Over on YouTube Drone and Model Aircraft enthusiast channel Paweł Spychalski has uploaded a video showing how he determined that cheap HD cameras that are commonly used on hobbyist drones can cause locking issues with the on board GPS. He writes:
You might believe it or not (today I will prove it, however) that HD cameras, especially cheap ones, can be responsible for GPS problems on your drones and model airplanes. The majority of HD cameras (RunCam Split, Runcam Split Mini, Foxeer Mix, Caddx Tarsier) generate RF noise on different frequencies. Some of them on 433MHz, some on 900MHz, but most of them also at around 1GHz. Just where one of the frequencies used by GPS signal sits. As a result, many GPS modules are reported to have problems getting a fix when the HD camera is running.
In the video he uses an RTL-SDR and SDR# to demonstrate the interference that shows up when a cheap HD camera is turned on. He shows how the interference is present at almost all frequencies from the ISM band frequencies commonly used for control and telemetry to the 1.5 GHz GPS frequencies.
SDR Makerspace is a community based in Greece that is run by the European Space Agency and Libre Space Foundation (who are responsible for the SatNOGS project). It provides funding and resources for Software Defined Radio based space communication projects.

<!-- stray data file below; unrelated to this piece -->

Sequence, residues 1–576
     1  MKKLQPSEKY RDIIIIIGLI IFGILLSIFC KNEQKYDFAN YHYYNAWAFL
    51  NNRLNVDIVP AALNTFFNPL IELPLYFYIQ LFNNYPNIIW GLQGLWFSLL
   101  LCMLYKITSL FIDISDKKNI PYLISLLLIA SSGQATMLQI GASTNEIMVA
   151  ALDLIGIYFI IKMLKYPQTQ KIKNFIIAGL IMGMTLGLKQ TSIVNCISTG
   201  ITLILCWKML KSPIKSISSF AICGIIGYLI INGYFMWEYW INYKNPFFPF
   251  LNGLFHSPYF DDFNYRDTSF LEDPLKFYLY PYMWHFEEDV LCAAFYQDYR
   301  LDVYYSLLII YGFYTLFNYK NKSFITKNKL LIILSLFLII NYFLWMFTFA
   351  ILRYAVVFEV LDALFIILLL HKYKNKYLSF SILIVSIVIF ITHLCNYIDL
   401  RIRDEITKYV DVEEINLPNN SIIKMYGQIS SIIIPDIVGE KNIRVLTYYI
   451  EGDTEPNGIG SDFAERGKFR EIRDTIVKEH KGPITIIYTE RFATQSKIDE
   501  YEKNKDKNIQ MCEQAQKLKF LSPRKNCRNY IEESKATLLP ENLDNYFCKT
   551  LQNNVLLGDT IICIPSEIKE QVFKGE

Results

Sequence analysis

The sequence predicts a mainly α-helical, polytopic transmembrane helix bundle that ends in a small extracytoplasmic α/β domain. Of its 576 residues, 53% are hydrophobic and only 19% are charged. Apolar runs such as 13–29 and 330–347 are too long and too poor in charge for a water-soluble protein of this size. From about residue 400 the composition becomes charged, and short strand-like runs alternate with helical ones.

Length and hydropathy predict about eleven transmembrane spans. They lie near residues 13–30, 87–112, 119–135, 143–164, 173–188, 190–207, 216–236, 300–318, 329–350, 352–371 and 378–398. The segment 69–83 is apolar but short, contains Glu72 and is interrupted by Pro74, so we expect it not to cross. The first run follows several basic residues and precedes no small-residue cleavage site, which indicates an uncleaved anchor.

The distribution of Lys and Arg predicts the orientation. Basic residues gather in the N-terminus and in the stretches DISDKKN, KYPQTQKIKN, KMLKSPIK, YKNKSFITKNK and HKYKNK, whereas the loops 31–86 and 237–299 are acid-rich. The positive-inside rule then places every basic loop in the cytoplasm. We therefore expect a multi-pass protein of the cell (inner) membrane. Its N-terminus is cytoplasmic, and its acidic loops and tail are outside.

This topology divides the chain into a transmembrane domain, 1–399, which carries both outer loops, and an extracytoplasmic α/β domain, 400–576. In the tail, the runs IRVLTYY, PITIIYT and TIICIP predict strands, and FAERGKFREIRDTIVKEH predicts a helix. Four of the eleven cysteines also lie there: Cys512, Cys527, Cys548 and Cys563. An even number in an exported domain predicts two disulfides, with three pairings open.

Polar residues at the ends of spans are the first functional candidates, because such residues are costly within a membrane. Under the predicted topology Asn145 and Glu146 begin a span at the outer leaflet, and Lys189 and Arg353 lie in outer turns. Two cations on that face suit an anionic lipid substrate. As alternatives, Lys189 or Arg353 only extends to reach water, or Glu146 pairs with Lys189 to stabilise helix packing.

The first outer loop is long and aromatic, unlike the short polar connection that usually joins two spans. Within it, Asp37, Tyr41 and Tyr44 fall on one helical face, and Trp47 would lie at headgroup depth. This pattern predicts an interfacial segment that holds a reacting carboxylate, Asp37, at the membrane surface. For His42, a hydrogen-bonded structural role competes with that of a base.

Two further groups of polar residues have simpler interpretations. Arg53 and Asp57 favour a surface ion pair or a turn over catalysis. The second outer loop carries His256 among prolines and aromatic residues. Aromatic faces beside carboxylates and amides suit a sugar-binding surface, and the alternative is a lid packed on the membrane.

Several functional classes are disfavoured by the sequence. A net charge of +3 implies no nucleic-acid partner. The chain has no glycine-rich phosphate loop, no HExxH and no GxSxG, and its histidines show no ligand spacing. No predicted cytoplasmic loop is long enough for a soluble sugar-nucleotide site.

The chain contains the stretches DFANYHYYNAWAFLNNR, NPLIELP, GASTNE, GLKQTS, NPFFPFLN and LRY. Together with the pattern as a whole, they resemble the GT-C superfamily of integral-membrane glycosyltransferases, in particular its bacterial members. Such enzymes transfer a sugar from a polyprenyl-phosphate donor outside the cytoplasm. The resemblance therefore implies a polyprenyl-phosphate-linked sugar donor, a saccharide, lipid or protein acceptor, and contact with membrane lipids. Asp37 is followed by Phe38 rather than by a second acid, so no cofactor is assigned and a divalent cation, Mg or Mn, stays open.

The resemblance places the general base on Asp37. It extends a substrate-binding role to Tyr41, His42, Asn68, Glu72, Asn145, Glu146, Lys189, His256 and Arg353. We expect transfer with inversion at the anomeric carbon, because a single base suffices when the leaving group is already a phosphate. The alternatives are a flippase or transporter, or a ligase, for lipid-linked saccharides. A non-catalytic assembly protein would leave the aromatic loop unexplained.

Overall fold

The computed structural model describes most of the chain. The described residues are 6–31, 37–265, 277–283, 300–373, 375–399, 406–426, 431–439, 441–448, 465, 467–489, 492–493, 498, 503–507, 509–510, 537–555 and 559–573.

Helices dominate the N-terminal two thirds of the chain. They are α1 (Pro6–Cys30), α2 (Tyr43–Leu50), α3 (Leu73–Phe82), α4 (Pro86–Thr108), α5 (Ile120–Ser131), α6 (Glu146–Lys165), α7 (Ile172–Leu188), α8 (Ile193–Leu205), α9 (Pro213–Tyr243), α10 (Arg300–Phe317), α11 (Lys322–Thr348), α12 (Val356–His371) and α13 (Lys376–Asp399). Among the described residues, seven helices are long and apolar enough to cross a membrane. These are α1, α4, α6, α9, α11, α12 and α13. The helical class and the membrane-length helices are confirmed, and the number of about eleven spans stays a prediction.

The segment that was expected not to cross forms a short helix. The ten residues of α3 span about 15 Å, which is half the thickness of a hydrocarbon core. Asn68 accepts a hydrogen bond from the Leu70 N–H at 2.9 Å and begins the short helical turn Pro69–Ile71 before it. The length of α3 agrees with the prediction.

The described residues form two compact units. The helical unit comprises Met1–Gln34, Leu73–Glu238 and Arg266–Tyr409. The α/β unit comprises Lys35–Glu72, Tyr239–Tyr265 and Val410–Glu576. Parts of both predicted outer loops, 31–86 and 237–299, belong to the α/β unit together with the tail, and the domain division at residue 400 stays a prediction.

Just a heads up that the preorder sale on our new L-Band Patch antenna set will be ending October 21 as we are almost ready to ship the units out. After the preorder sale ends the pricing will rise from $34.95 to $39.95 USD.
Preorder has now ended and shipping will begin shortly. Thank you!
The product is a ready to use active patch antenna set that is designed to receive L-Band satellites such as Inmarsat, Iridium and GPS. It is enclosed in a waterproof plastic case, and can easily be mounted to a window using the provided suction cup and 2M coax extension cable. It can also be mounted to almost anything else using the included flexible tripod legs, or if you prefer, use the standard 1/4" camera screw hole to connect it to any mount that you like.
The antenna is powered via 3.3V - 5V bias tee power, so any bias tee capable SDR such as our RTL-SDR Blog V3 can be used to power it.
The International Space Station (ISS) periodically schedules radio events where they transmit Slow Scan Television (SSTV) images down to earth for listeners to receive and collect. This time they have scheduled SSTV images for October 9 09:50 - 14:00 GMT and October 10 08:55-15:15 GMT.
With an RTL-SDR and a simple V-Dipole from our RTL-SDR V3 antenna kit it is possible to receive these images when the ISS passes over. ISS passes for your city can be determined online, and the SSTV images can be decoded with a program like MMSSTV.
If you weren't already aware, SatNOGS is an open source project that aims to make it easy for volunteers to build and run RF ground stations (typically based on RTL-SDR hardware) that automatically monitor satellite data, and upload that data to the internet for public access. This is very useful for low budget cubesats launched by schools/small organizations that don't have the resources for a worldwide monitoring network as data can be collected from all over the world no matter where the satellite is.